A celebration of the genius of Frank Gehry, the vision of Peter Lewis, and the transformative impact their work has brought to North East Ohio by building the ultimate portal for awareness of the unique value of industrial innovation.

Revolution in Our Midst – Frank Gehry’s building transformed the way area builders do their job

As Cleveland architect Richard Fleischman sees it, we have just witnessed a revolution in the relationship between architectural design and the engineering and construction industries. “And it’s incredibly thrilling that it has happened right here, in our city,” he says.

The drama played out during the creation of the futuristic Peter B. Lewis Building, Cleveland’s newest landmark in University Circle. Architect Frank Gehry went to Northeast Ohio’s traditional industries and asked them to manipulate materials to achieve extraordinary ends. The companies responded with creative and ingenious solutions.

The procedure for erecting a building has been radically updated by Gehry. The building’s famously intricate curves of roof and wall required precise placement of structural elements. Error tolerances were reduced from the traditional half-inch to a mere millimeter. Zaranec surveyors, a Chagrin Falls company, was onsite daily for more than two years to ensure this accuracy. Starting with Gehry Studio’s computer models, the surveyors added software not normally used in the construction industry, to set up laser-guided reference points over, under and around the complexities of the structure.

Precision was not the only skill required of the onsite workers. They were also asked to work in new ways, and to make new demands on familiar materials. Ed Sellers of GQ Contracting of Wickliffe, was responsible for converting drywall into the elegant and swooping curves that transform the interior spaces into light-caressed canyons flowing upward from ethereally austere open areas. This work, he says, was different from any that GQ employees had done before. The innovations they devised led to patent applications and international publications.

Wood, steel, brick, concrete and glass were also subject to Gehry’s imaginative experimentation. As consulting engineers Derrick Roorda and Vincent DeSimone have noted, “The surfaces of the Lewis building undulate to a much greater extent than in any of Gehry’s previous designs.” A new steel framing system was invented that not only provided structural support, but also defined the surface. This was a significant advance over Gehry’s famous buildings in Bilbao and Seattle.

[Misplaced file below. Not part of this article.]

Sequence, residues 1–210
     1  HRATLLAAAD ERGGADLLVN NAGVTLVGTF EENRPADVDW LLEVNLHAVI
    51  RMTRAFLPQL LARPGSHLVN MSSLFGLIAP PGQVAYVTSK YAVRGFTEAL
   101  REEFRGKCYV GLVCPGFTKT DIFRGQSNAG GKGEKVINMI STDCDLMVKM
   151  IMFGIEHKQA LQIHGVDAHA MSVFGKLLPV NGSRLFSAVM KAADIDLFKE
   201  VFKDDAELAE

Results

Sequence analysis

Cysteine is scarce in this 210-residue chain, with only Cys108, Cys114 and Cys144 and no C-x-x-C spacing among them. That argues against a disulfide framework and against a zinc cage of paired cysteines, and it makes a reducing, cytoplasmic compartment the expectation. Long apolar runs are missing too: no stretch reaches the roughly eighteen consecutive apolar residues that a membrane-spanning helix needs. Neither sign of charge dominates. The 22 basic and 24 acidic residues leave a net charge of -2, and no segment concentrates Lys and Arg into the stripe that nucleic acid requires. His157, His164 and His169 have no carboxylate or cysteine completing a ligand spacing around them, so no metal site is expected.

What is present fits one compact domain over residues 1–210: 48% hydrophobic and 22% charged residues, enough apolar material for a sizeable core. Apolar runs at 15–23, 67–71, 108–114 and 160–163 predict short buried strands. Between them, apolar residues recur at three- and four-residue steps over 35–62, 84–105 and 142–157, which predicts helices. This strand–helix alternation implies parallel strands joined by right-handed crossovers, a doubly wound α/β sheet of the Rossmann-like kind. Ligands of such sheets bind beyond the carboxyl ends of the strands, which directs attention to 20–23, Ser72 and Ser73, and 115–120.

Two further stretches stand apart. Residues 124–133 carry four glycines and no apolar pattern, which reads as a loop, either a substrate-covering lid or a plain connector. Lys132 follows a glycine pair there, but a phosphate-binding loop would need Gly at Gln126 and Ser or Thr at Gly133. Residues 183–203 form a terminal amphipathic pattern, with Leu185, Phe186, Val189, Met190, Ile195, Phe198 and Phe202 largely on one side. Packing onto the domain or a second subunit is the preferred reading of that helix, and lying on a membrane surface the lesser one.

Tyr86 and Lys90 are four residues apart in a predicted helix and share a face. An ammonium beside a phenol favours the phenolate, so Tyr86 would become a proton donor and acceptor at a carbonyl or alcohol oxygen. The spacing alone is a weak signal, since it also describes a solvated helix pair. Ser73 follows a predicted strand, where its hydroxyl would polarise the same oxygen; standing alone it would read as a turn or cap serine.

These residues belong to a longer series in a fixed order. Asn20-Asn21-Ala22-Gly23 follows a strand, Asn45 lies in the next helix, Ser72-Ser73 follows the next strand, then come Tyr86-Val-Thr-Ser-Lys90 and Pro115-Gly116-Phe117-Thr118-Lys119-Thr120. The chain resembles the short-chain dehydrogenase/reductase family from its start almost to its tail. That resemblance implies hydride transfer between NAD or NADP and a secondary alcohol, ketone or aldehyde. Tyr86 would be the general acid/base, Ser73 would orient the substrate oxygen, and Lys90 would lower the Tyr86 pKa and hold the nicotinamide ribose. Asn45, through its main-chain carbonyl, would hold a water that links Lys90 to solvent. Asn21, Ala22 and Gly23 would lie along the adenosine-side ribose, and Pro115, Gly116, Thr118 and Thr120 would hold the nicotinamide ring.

The wavy surfaces posed a particular challenge to Donley’s of Cleveland. The workers were asked to construct concrete walls that lean back on themselves and curve at the same time. They resolved the problem by creating a completely new forming system.

The R.E.Krug Corporation of Oakwood specializes in architectural glass. It faced the challenge of producing asymmetrically curved windows as perfectly fitting elements of a curved brick wall. “We had draftsmen on the job for a year, instead of the usual two months,” says company president Dick Krug. The sophistication they developed is now much in demand as they work on projects in other cities.

Experiences like these were common to many of the 18 local companies who contributed expertise to the building. While they created their own novel solutions, they also learned from, and contributed other ideas to, the experimentation going on around them. “‘Gee, how did you do that?’ was something you heard a lot on the site,” says Sellers, whose interior framing system so impressed steel roofing-plate contractors Crown Corr of Gary, Indiana, that the two companies are now planning a joint venture.

For Fleischman, “This extraordinary creation, which shows us the way to accomplish successful projects in the future, happened because Frank Gehry has developed an aggressively interactive and fluid approach, treating everyone involved as members of his artistic team, and welcoming their input at every stage.”

Lean manufacturing consultant, Jim Triner, of Triner Technology Inc. in Gates Mills, agrees. “The building is an example of what can happen in a project when inventive sparks fly between participants,” says Triner, whose work takes him to cities in the U.S. and Asia. “What a great example of interdependent teamwork to showcase around the world.”

By Sarah Taylor – Northern Ohio Live, April 2003